As things stand, Bua is the least developed of the country’s fourteen provinces. Yet it already hosts some major industrial ventures – a Chinese bauxite mine and Tropik Wood’s pine chip installation. Upgrading the road will not only be a major boost for them and the sugar and tourism industries but seems certain to attract more investment from companies that have baulked at setting up in the North because of a lack of infrastructure. But above all, it will be ordinary people who benefit – less stress, less dust, shorter travelling times, easier access for children to school, easier access to markets for small business people, easier access to health services for the sick. And for the first time, the prospect of further development and the prosperity that invariably accompanies it. As the Prime Minister put it, truly the road ahead is paved with opportunity. For the North and Fiji as a whole.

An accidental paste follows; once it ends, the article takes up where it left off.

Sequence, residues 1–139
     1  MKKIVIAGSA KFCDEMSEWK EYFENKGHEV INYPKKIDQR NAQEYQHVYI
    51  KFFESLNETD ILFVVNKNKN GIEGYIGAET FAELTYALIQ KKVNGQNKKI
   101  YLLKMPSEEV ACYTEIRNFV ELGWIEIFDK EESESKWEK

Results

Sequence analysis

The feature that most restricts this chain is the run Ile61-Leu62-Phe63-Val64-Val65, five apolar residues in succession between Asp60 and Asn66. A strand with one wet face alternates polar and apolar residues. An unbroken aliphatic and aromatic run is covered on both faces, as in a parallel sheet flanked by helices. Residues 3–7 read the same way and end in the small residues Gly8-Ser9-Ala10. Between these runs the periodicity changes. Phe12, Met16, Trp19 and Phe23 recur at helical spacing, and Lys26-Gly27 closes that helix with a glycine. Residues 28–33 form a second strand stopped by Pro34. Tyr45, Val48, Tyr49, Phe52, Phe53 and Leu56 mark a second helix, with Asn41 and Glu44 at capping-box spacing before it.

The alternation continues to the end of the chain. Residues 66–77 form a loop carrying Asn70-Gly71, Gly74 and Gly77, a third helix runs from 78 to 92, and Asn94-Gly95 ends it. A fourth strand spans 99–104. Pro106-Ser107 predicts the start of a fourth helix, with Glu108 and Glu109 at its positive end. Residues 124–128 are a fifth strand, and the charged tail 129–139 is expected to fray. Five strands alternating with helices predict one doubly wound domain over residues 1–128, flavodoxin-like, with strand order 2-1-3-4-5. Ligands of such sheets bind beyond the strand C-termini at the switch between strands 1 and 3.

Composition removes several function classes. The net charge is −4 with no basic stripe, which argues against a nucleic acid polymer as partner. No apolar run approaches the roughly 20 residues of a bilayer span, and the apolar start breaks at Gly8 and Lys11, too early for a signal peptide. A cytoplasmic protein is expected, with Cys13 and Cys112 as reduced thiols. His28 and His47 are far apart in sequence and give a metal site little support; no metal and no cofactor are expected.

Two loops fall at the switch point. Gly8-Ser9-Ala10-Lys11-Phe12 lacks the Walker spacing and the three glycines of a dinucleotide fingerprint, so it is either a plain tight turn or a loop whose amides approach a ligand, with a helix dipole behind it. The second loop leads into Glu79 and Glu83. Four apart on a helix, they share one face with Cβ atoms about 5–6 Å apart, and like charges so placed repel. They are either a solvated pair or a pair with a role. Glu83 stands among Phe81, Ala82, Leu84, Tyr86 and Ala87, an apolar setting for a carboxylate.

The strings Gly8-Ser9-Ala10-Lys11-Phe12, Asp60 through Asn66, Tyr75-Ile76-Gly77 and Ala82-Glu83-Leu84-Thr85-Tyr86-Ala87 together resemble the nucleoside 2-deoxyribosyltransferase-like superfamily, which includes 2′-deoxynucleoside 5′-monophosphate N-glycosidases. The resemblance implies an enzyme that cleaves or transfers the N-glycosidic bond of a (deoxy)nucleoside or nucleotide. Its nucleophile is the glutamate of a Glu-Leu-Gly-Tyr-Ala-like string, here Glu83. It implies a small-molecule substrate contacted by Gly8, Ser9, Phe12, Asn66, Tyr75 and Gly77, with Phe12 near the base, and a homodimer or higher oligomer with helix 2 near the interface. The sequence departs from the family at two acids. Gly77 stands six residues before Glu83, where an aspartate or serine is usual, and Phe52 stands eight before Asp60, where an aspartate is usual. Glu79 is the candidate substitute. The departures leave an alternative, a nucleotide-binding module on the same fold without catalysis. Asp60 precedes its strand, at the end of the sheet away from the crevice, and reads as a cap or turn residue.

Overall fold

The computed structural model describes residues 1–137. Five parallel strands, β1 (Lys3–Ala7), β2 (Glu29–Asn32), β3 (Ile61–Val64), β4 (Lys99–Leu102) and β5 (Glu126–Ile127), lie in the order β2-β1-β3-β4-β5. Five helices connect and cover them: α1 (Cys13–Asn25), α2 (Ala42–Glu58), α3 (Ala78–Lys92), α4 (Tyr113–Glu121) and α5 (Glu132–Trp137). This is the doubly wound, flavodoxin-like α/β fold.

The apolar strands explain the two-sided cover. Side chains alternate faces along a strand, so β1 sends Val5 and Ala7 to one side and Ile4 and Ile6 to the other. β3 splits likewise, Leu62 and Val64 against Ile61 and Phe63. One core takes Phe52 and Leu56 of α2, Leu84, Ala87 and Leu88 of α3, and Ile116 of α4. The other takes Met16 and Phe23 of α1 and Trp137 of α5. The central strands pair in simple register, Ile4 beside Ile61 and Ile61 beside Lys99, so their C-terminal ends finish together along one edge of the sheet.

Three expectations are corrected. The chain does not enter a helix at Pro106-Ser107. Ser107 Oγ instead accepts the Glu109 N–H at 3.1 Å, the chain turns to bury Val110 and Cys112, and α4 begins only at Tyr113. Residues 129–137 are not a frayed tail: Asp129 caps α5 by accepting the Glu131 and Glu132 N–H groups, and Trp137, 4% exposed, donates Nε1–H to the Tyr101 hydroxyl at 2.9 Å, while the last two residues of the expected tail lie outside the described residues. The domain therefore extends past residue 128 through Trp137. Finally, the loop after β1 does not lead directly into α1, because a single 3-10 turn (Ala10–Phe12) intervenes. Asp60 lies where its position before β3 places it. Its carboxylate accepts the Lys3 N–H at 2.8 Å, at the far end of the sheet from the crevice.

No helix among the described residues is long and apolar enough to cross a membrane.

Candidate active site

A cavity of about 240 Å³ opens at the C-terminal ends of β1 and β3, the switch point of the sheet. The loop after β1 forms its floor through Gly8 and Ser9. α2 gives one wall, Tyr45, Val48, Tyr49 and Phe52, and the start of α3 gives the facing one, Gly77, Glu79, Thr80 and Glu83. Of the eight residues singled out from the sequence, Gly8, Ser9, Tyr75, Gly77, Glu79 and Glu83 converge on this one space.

This article has subsequently appeared on Pacific Scoop NZ